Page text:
If meditation is just thinking about what you want to think about. That’s already something you do a lot. We’re just going to develop a little bit of extra skill at thinking of what is purposeful and adequate with the present.


We are going to use a one-two-punch combo. Five minutes of focus meditation and five minutes of insight meditation. The focus meditation is there to quiet down the mind. We will focus on the breath, but not in a forceful way. This isn't the same focus as when you are trying to beat your puzzle rush high score. Just let the sensation of breathing fill your whole awareness. I will direct you to focus on the sensation of breathing at the tip of the nose. This has the added benefit of making you pay attention to a very subtle bodily effect that you unlikely never pay attention to. You can either count the breath (to four and then start from one) or just focus.
If your mind wanders, just bring it back. No judgement, this isn't about success or failure. After the end of these five minutes, stay where you are and we move straight into the insight meditation. You are now prepped - this is the main set. We are going to give the 'thinker' a complete rest. With the inquiry "what is there, when there is no problem to solve?" - consider this inquiry and just rest as awareness itself. Now we will just observe the contents of the mind. This is it. If a thought, sensation, or emotion arises, we take notice, acknowledge it, label it and let it go. Imagine awareness being the wide blue sky and thoughts being clouds that pass. No cloud can change the colour of the sky, in the same way, you are not changed by thoughts and feelings. Strong emotions like anger are like large stormy clouds. They are overpowering and yet all storms pass, just like every flash of anger you ever felt has passed. Just do nothing. Rest the mind as it is. And when something comes up, notice it and let it go.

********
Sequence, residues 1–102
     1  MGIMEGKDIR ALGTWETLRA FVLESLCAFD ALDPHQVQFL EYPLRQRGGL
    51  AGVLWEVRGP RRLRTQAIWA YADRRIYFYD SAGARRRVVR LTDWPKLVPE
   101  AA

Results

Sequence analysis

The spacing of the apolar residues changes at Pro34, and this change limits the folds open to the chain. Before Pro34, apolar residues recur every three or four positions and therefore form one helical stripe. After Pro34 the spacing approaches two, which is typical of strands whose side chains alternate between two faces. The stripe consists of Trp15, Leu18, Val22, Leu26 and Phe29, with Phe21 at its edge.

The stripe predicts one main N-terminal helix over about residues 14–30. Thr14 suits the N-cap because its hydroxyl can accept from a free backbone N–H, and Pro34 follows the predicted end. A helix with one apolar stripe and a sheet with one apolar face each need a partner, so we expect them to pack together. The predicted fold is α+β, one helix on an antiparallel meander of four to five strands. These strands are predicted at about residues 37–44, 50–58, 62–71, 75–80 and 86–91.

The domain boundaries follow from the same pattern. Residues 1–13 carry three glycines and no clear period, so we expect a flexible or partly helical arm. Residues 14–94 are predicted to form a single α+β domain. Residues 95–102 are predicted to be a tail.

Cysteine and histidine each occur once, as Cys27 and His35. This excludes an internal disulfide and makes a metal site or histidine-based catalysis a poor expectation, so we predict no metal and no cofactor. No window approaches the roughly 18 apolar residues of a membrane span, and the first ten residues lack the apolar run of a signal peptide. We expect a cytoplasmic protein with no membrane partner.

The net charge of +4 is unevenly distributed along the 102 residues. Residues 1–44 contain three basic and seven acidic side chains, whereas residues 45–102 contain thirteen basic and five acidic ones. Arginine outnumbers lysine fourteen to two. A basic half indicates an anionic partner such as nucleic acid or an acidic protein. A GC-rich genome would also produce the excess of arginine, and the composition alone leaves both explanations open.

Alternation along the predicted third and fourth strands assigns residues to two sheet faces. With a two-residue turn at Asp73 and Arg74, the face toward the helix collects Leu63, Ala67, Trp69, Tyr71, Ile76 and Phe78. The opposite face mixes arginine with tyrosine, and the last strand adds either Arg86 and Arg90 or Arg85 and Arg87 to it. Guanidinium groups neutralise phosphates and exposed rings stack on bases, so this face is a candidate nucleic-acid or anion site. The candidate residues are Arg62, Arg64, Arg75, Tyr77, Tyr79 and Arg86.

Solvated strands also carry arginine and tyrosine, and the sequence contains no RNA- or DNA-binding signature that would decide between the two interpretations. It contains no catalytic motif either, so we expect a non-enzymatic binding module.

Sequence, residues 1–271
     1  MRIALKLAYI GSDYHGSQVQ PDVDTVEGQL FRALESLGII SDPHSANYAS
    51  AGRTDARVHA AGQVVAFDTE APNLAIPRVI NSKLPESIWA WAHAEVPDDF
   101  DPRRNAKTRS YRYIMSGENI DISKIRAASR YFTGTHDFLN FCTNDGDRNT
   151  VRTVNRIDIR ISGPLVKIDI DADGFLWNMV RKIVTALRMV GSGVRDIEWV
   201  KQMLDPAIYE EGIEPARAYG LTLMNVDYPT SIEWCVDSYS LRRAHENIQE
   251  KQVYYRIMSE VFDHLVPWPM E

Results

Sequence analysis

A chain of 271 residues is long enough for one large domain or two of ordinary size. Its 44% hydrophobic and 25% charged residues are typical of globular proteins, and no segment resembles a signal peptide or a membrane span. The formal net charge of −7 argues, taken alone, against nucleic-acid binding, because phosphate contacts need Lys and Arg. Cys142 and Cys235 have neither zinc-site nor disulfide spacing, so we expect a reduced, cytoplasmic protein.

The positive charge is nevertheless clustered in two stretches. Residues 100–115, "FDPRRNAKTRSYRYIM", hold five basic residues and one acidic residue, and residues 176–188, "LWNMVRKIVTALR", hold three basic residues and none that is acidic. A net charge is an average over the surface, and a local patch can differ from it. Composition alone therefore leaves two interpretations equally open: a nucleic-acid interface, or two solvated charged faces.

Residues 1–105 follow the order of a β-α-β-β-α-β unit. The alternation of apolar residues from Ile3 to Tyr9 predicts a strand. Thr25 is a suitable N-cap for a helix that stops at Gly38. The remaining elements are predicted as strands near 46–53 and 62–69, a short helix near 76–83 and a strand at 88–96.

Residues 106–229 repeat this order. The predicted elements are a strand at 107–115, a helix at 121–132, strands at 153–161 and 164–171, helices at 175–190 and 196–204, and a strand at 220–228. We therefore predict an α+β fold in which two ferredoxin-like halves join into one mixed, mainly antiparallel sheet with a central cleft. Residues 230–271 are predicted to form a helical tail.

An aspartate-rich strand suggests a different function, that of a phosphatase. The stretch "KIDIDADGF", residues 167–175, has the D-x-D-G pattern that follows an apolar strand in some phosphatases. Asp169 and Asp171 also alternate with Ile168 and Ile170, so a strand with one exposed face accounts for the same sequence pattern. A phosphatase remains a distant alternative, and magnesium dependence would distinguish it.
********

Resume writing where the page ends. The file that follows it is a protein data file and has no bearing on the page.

I recorded the following to help you meditate along for 10 minutes:

10 minutes of guided meditation (SoundCloud)

How to build a practice

You cannot expect to not practice and tackle the storm when it arises. This practice is not a magic bullet that you do once before your tournament. Just like you won’t solve a set of mate-in-2 once and declare that you are done with mate-in-2 forever.

We are developing skills by having to quieten the mind and doing easy labelling and observations of whatever arises.

Building a habit may be difficult. I suggest meditating once daily, in the morning or evening, with the following very simple rule: never miss two days in a row. Ultimately you should be very quickly drawn to the practice as it offers instant reward and relief.

“When you stop thinking, you are no longer imagining things that are not true.”

The insight meditation is incredibly powerful. The peace and relief you have by resting as awareness is always with you. Keep that feeling in your back pocket and use it as necessary when you need to go through life.

And don’t miss two days in a row.

I help chess players of all levels with mental performance, from amateurs to 2700+. Follow me here on lichess or on Twitter @BenjiPortheault